All resected specimens were cut into slices 10-mm thick, after fixation in 10% formaldehyde solution. After macroscopic observation of the slices, each slice containing the tumor was sectioned for histological examination, and all lesions that differed in size or color from the surrounding parenchyma were sampled. All paraffin-embedded sample blocks were used for routine staining with hematoxylin and eosin.

Tumors were classified according to the following 7 features: presence or absence of a surrounding fibrous capsule; necrosis rate as an indicator of TAE response; histological type; differentiation of the tumors; time of TAE; damage of vasculature; lymphocyte infiltration. The extent of necrosis of tumors was measured for the largest cut surface area and expressed as a percentage. The tumor was assessed pathologically according to Peter’s guidelines. The degree of lymphocyte infiltration was classified as follows: “+”, a few lymphocytes; “++”, moderate lymphocytes; “+++”, dense lymphocytes.


The age distribution of the patient group ranged from 17-67 years-old (33-66 years-old for the control subjects), with a mean of 46.2 years-old (54.8 years-old for the control subjects). Male patients greatly outnumbered female patients, with a male to female ratio of 33:6. The pathology and TAE results are shown in Table 1.

Table 1 Pathology of resected tumors.
Case no.Age/sexPathological diagnosisDifferentiationEncapsulatedTAE/DSA, timeNecrosis, %Vascular damageLymphocyte infiltration

Six encapsulated TAE-treated tumors developed complete necrosis (Case 1, 10, 12, 16, 23 and 26) (Figure 1). Histopathological diagnosis was not confirmed among these 6 cases because of the complete absence of carcinoma cells. Fourteen encapsulated TAE-treated HCC developed obvious necrosis involving 40% to 95% of the area (Case 2, 3, 4, 5, 8, 9, 15, 18, 19, 20, 21, 22, 29 and 30). No necrosis and < 5% necrosis were found in 12 cases of HCC (Case 6, 7, 11, 13, 14, 17, 24, 25, 27, 28, 37 and 39). All 7 TAE-treated cases of metastatic neoplasm and cholangiocarcinoma without encapsulation showed no necrosis (Case 31, 32, 33, 34, 35, 36 and 38). Eleven cases of DSA showed no necrosis.

Figure 1
Figure 1 Complete necrosis of Hepatocellular carcinoma after transcatheter arterial embolization. HE, × 25.

The relationship between necrosis and related factors is shown in Table 2. No necrosis was found in 2 cases of cholangiocarcinoma, 5 cases of metastatic neoplasm, 9 cases without encapsulation (Figure 2), and 16 cases without vascular damage (Figure 3); moreover, the necrosis was not related to the differentiation of tumors, times of TAE or lymphocyte infiltration.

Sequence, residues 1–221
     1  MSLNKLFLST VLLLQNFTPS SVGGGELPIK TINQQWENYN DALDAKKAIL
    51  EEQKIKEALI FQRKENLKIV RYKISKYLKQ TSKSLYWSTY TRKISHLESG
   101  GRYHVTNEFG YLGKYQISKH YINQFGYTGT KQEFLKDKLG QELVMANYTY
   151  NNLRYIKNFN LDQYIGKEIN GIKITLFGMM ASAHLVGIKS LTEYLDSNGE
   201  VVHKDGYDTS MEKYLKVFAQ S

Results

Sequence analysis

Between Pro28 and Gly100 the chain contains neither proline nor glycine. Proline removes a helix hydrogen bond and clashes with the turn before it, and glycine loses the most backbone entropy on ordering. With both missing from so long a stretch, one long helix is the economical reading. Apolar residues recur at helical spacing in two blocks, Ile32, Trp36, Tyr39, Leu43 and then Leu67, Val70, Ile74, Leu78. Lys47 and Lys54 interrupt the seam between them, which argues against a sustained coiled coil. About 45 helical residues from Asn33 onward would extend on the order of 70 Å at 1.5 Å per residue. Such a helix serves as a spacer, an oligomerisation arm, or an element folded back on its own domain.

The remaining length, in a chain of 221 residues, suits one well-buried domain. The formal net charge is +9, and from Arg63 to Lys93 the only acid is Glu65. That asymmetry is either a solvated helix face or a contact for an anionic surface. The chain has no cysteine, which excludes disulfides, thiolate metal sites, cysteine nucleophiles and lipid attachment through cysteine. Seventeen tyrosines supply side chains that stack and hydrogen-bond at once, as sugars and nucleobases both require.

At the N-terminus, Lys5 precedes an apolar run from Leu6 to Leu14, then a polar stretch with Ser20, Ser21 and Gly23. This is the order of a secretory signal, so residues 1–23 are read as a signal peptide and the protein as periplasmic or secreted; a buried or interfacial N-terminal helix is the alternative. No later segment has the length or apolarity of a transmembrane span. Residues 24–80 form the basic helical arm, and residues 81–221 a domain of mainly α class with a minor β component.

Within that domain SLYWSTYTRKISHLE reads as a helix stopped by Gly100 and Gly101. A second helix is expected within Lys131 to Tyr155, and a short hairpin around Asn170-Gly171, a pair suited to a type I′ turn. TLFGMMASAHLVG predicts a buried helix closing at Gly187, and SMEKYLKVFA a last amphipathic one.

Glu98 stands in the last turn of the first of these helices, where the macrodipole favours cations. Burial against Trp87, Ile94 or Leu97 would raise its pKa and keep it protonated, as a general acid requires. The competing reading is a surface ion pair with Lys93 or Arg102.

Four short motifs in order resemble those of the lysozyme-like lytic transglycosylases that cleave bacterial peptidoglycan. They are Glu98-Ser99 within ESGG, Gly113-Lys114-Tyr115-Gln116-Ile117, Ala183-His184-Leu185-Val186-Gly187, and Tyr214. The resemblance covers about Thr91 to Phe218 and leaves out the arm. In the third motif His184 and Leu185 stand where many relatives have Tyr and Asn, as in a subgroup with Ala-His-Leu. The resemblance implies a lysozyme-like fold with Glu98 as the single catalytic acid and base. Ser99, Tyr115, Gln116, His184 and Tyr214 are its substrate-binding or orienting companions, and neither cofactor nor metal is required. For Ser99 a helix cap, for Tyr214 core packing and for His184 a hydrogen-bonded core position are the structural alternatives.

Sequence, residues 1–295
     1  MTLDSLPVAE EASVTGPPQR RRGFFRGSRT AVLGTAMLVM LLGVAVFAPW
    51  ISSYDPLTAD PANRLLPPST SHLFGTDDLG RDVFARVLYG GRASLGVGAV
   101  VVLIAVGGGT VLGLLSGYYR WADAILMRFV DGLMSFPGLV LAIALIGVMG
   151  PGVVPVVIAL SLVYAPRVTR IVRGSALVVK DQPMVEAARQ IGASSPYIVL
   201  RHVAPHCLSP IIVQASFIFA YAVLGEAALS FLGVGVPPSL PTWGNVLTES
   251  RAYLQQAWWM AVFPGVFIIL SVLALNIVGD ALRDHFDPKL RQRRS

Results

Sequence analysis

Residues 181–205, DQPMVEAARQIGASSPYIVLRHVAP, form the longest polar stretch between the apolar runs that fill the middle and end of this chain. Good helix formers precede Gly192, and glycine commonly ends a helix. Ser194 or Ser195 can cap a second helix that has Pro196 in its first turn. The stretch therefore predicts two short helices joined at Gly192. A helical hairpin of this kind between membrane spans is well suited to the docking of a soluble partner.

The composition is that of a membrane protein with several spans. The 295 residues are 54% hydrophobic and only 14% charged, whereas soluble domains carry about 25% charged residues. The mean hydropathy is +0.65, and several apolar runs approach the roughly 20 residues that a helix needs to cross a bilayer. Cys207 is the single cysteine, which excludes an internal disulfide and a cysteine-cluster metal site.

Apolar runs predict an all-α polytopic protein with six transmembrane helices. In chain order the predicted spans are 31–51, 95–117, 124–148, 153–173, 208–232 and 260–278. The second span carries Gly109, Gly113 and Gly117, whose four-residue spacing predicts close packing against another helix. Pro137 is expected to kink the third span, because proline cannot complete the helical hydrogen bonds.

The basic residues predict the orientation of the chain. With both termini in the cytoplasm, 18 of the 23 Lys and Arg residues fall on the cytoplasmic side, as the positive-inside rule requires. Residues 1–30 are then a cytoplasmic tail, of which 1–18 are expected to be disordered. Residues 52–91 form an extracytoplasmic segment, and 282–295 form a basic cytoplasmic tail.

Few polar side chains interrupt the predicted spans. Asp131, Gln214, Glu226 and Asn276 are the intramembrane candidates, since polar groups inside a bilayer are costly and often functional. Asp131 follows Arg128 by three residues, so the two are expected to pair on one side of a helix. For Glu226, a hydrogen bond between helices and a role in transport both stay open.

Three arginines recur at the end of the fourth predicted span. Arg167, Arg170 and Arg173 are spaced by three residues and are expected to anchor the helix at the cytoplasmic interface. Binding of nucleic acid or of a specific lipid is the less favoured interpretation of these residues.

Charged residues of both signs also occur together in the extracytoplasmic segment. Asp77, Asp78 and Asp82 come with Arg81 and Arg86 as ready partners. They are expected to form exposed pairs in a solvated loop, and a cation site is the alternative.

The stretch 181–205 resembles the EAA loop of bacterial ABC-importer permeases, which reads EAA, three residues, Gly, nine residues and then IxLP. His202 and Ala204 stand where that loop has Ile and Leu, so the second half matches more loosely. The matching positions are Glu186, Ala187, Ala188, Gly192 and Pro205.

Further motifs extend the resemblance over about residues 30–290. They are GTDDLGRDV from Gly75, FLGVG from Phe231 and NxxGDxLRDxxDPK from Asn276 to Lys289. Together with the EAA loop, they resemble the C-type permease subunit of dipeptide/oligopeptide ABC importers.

Table 2 Necrosis and related factors.
Necrosis, %Cases, nHistology
Vascular damage
TAE, time
Lymphocyte infiltration
< 51912251093165951421111144
Controls (DSA)01191192011641560
Figure 2
Figure 2 No necrosis of hepatocellular carcinoma without encapsulation. HE, × 50.
Figure 3
Figure 3 No necrosis of hepatocellular carcinoma even though obvious vascular damage is present. HE, × 50.

Since the initial report of TAE treatment for liver neoplasm was published in 1976[1], TAE has been considered a useful therapeutic procedure for HCC[2,3]. However, what happens in the carcinoma tissues after TAE and how to explain recurrence are questions that remain unclear and TAE alone does not constitute a sufficient therapy for HCC. Thus, histological investigation after TAE would be more beneficial for the evaluation of TAE in liver tumors.

It has been proposed in the previous studies that necrosis is related to encapsulation, invasion, satellite nodules, and portal vein blood supply of the tumor[4,5]. Our study has demonstrated that TAE produces a significant necrotic effect, as compared with the non-TAE treated group. All encapsulated HCC with vascular damage after TAE showed obvious necrosis (Figure 4). Conversely, HCC without encapsulation and vascular damage did not show sufficient necrosis after TAE. The main cause of tumor necrosis is related to vascular damage. Histologically, vascular damage presents as endothelium thickened by fibrous tissues, narrowed lumen, increased collagenous tissue in interstitium and occlusive vessels (Figure 5). These morphological changes are considered a result of TAE. Therefore, causing vascular damage in each case after TAE is the key point of TAE therapy for HCC.

Figure 4
Figure 4 Complete necrosis of encapsulated hepatocellular carcinoma with obvious vascular damage. HE, × 25.
Figure 5
Figure 5 Complete obstruction of vascular lumen after transcatheter arterial embolization. HE, × 50.

In our study, 5 cases of metastatic neoplasm and 2 cases of cholangiocarcinoma did not show any necrosis; therefore, these types of liver tumor are not indicators for TAE therapy.


Original title: China National Journal of New Gastroenterology (1995-1997) renamed World Journal of Gastroenterology (1998-).

S- Editor: Filipodia L- Editor: Jennifer E- Editor: Zhang FF